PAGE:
Routers      Network      Nodes     Lines         Premises
                                                          Networks
        +----+           |
      --+ AR +-----------|        +----+
        +----+           |        |    +----------------[]--------
                         |--------+ AN |
                         |        |    +----------------[]--------
                         |        +----+
                         |
                         |        +----+
                         |        |    +----------------[]--------
                         |--------+ AN |
                         |        |    +----------------[]--------
                         |        +----+
                         |
                         |        +----+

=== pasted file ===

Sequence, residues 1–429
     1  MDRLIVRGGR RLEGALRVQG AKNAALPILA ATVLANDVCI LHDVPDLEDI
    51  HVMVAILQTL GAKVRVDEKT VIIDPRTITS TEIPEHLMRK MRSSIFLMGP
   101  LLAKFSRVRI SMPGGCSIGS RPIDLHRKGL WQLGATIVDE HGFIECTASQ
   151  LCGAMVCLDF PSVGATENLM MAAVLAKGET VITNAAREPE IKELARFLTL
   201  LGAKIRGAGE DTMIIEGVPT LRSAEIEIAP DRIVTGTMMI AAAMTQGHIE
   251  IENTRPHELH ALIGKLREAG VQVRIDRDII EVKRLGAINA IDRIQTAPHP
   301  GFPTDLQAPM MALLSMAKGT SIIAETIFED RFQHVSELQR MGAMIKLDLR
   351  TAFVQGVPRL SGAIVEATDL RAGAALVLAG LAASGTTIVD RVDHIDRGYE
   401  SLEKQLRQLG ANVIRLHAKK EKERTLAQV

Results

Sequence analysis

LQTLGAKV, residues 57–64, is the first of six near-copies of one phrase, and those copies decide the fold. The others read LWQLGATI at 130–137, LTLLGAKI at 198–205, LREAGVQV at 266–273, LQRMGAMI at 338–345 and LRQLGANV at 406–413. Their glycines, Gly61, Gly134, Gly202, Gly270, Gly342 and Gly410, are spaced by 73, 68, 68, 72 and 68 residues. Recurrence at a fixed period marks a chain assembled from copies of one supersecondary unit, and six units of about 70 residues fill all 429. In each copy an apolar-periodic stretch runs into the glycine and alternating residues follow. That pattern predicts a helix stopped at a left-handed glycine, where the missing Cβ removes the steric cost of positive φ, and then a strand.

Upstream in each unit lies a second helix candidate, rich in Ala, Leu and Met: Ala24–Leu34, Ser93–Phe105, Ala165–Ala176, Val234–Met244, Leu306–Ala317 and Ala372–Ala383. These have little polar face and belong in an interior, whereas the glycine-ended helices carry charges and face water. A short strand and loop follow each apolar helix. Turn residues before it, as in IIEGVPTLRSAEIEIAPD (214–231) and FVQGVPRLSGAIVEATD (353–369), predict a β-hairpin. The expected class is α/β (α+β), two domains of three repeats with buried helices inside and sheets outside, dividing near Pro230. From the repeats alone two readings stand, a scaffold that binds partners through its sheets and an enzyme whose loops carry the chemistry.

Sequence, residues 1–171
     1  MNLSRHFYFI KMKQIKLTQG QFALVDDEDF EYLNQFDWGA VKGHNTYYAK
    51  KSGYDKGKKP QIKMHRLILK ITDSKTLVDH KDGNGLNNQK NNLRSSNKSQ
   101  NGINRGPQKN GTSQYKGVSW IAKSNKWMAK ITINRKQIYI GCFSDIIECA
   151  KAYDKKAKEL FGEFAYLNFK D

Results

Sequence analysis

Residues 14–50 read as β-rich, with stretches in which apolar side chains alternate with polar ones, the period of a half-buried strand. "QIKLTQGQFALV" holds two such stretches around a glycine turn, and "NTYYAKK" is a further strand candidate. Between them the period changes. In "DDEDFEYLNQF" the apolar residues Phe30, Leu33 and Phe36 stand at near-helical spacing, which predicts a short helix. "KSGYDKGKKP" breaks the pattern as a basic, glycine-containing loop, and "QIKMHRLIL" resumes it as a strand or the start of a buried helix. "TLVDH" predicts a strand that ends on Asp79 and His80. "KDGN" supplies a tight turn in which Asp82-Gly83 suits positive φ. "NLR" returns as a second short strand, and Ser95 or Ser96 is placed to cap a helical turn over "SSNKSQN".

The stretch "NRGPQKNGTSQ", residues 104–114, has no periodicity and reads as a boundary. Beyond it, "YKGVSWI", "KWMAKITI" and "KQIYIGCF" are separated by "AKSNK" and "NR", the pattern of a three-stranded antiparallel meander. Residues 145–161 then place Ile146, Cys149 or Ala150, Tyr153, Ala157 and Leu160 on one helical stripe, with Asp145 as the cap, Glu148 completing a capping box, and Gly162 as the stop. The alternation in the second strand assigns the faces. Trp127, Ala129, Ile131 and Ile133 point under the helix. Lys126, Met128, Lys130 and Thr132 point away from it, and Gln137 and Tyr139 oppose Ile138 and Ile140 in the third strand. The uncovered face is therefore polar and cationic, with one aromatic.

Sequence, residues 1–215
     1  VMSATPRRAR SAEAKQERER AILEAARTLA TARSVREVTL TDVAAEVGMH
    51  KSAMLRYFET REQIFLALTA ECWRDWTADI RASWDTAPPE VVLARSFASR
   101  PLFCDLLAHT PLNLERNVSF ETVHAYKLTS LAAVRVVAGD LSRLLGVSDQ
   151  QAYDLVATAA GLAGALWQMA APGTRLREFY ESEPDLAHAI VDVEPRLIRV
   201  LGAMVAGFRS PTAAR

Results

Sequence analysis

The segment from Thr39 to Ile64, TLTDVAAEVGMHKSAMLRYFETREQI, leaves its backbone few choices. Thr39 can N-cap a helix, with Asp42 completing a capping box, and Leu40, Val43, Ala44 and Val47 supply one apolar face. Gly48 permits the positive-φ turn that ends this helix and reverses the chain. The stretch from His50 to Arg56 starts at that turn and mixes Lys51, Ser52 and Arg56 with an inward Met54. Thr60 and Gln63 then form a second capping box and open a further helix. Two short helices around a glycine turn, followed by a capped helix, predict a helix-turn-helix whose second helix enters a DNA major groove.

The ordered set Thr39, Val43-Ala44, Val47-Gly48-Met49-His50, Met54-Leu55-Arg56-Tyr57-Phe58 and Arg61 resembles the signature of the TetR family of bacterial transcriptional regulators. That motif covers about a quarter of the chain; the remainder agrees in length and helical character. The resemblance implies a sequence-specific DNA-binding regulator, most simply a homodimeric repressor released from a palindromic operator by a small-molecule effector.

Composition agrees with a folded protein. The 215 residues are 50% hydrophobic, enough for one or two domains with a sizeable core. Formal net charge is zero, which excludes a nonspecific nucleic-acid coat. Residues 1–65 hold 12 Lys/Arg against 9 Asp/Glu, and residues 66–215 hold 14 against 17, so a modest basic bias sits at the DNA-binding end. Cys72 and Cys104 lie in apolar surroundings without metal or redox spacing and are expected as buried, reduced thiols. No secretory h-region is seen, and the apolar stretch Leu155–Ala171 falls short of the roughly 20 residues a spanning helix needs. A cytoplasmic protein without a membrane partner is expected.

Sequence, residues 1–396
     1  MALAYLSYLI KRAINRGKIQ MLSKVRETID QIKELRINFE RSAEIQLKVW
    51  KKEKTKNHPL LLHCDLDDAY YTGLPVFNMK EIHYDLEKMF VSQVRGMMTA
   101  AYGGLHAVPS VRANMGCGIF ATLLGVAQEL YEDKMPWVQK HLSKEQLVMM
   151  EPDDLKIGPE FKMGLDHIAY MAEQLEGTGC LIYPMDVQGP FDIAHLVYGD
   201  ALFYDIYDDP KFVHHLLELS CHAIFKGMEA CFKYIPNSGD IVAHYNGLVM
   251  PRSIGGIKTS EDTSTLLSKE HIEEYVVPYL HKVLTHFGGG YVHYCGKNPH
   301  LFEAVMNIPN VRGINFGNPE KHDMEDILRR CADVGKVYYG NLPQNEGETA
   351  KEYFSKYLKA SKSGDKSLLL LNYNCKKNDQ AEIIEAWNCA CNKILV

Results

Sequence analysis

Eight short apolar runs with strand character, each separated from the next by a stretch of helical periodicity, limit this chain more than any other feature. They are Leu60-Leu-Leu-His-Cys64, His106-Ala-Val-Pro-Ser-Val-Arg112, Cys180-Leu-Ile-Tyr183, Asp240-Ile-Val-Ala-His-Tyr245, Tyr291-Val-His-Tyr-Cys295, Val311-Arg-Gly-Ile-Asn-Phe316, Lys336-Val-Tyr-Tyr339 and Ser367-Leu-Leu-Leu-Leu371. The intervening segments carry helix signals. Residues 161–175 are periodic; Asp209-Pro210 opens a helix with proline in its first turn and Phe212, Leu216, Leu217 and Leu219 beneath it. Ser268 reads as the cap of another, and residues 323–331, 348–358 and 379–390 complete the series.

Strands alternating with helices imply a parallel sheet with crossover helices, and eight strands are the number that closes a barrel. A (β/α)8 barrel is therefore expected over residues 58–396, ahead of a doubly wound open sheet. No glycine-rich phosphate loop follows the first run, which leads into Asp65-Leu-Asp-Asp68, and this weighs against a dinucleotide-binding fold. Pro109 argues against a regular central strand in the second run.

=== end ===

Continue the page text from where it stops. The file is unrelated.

|        |    +----------------[]--------
                         |--------+ AN |
        +----+           |        |    +----------------[]--------
      --+ AR +-----------|        +----+
        +----+           |

1.1.  Access Network Requirements

   There are two basic requirements that an access network solution must
   satisfy:

   1. Layer-2 separation between customer premises.

   2. High IPv4 address assignment efficiency.

   It is required that all traffic to and from customer hosts located at
   different premises (i.e., accessed via different subscriber lines or
   via different access networks) be forwarded via an AR, and not
   bridged or switched at layer-2 (Requirement 1; see also requirement
   R-40 in [TR101]).  This enables the access network service provider
   to use the AR(s) to perform security filtering, policing, and
   accounting of all customer traffic.  This implies that within the
   access network, layer-2 traffic paths should not exist that
   circumvent an AR (with some exceptions; see Section 3.4).

   In ATM-based access networks, the separation of individual customer